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Accorpamenti - Resonances between dance and music, Review by Rie Gilsdorf

27 Sep 2023 9:22 PM | Reggio Inspired Network of MN (Administrator)

Accorpamenti - Resonances between dance and music Reggio Children, 2022

Rie Gilsdorf
Rie Algeo Gilsdorf, MS, MA, has broad experience as a principal, arts administrator, instructional coach, teacher of science and dance, and parent in many settings, including the Reggio-inspired programs of Portland’s Opal School and The Blake School in Minneapolis. Rie is a past Board Co-Chair and Civic Engagement Committee Chair of the Reggio-Inspired Network of Minnesota and current member of its Resource Development Committee. She now provides racial equity seminars, coaching and consulting through Embody Equity, www.EmbodyEquity.com.

As a former dance teacher and atelierista, I was excited to read this book that focuses on two of the 100 languages that I’m passionate about and have spent time studying. Its title, “Accorpamenti,” is a play on words. The word means “amalgamation” in Italian, and it contains “corpo,” meaning body, and “menti,” meaning mind. So, it’s a book that looks at amalgamations of body and mind as well as of dance and music. The volume itself is an amalgamation of documentation of various music and dance experiences with scholarly articles from the viewpoints of neurobiology, music and dance history, linguistics and culture. It physically represents theory and practice by alternating academic articles with links to video “Counterpoints” from the schools of Reggio Emilia. There’s even a video of a music and dance workshop presented to staff of several of the schools so that they could reconnect with their own ability to explore these artistic expressions. Ultimately, the goal of the book is to improve the ability of adults to develop and observe provocations using music and dance–even, or especially, for those who don’t have much experience in them.

There are moments of insight in the book, for instance this description of how children’s artistic experience is not in need of what adults think of as academic disciplines:

. . . [Children] explore the world in a way that is very similar to how an artist works, first of all in an immediate (before mediated), presentative (before representative) and sensitive (before symbolic) manner.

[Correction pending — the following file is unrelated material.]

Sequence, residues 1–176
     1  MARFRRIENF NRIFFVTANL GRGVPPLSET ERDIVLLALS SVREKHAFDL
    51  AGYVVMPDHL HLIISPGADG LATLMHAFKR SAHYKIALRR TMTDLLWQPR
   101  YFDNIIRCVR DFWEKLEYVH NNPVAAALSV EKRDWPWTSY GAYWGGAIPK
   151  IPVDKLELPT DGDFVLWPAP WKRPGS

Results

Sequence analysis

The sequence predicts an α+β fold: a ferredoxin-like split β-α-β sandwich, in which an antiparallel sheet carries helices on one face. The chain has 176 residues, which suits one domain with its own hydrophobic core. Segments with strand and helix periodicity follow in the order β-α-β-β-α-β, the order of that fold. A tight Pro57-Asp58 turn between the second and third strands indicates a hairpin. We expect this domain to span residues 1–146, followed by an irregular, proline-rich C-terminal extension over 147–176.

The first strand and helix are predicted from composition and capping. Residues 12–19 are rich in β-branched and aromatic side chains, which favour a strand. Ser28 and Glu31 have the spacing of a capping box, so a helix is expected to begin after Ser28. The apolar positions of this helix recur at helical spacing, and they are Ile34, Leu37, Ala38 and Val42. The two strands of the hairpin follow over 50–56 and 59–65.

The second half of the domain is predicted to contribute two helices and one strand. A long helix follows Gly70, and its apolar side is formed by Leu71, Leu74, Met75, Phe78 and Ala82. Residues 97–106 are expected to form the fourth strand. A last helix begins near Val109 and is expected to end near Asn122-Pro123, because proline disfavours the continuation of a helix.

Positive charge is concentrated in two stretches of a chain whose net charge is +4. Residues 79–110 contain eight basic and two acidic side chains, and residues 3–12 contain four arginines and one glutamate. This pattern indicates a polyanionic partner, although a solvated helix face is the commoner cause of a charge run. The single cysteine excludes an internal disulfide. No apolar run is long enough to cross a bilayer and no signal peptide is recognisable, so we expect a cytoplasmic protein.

I wish I had had this language to help other adults understand that a dance about, for instance, teeth wiggling and falling out arose from the children’s immediate experience and was a far richer experience for them than copying some more symbolic, abstract adult ballet!

As usual, the video documentation of Reggio environments is stunning and inspirational. From babies exploring the distinct sounds of pounding hands on a wooden box and brass discs on a copper pan, to 3- and 4-year olds sculpting themselves across a nature playground, there are plenty of ideas to be had. As a dance teacher, the latter is remarkably beautiful as children play and dance freely in a bamboo forest on the grounds of the Allende Municipal Infant-toddler Centre. I admit I had a moment of envy, never having had access to a bamboo forest for my children. But, on second look, the freedom of their movement is engendered by their local environment as well as their teachers willingness to let them explore.

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What is in my environment? Have I unnecessarily limited children’s exploration of it?

Much of the book’s text is written in a dense, academic style that made it challenging to read–even as a person with degrees in both biology and dance. Compounding this are instances of what seems to be poor translation, for instance, using the word “withhold” where “hold” clearly makes more sense. Other sentences never did make sense to me. And yet, there are sections, such as the discussion of the origins of rhythm, that provide insight into the body-mind connection and the ways that children use these body-based languages that can open doors to their use in early childhood programs.

Who should read this book/watch these videos?

  • Dance and music teachers and teaching artists who want to deepen the Reggio-inspired aspects of their practice or to broaden their approach past a strictly disciplinary one.
  • Classroom practitioners who want a better understanding of music and dance as languages of learning. 
  • Early childhood educators who are looking for inspiration on ways to incorporate sound and movement into their provocations.

All content and articles may be used for educational purposes with proper citation (Creative Commons Attribution Non-Commercial License).

Reggio-Inspired Network of Minnesota is a 501(c)3 non-profit located at 525 Pelham Blvd. N., Saint Paul, MN 55104 

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